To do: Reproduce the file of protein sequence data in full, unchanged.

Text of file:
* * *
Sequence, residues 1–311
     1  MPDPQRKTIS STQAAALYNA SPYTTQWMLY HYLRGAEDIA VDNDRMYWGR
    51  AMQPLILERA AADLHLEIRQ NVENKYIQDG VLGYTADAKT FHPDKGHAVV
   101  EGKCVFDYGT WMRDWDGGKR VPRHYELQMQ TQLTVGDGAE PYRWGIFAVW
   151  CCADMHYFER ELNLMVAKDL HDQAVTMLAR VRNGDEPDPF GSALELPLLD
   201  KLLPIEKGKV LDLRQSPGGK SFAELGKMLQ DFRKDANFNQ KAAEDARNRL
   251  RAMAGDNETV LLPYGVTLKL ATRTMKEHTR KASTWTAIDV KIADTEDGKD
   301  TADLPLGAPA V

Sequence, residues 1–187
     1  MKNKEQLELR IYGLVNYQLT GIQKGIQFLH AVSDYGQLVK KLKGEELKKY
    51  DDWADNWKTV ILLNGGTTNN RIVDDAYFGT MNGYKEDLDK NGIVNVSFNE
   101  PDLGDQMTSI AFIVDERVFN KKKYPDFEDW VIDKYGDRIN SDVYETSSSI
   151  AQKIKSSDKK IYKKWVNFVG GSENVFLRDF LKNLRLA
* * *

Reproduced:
Sequence, residues 1–311
     1  MPDPQRKTIS STQAAALYNA SPYTTQWMLY HYLRGAEDIA VDNDRMYWGR
    51  AMQPLILERA AADLHLEIRQ NVENKYIQDG VLGYTADAKT FHPDKGHAVV
   101  EGKCVFDYGT WMRDWDGGKR VPRHYELQMQ TQLTVGDGAE PYRWGIFAVW
   151  CCADMHYFER ELNLMVAKDL HDQAVTMLAR VRNGDEPDPF GSALELPLLD
   201  KLLPIEKGKV LDLRQSPGGK SFAELGKMLQ DFRKDANFNQ KAAEDARNRL
   251  RAMAGDNETV LLPYGVTLKL ATRTMKEHTR KASTWTAIDV KIADTEDGKD
   301  TADLPLGAPA V

Sequence, residues 1–187
     1  MKNKEQLELR IYGLVNYQLT GIQKGIQFLH AVSDYGQLVK KLKGEELKKY
    51  DDWADNWKTV ILLNGGTTNN RIVDDAYFGT MNGYKEDLDK NGIVNVSFNE
   101  PDLGDQMTSI AFIVDERVFN KKKYPDFEDW VIDKYGDRIN SDVYETSSSI
   151  AQKIKSSDKK IYKKWVNFVG GSENVFLRDF LKNLRLA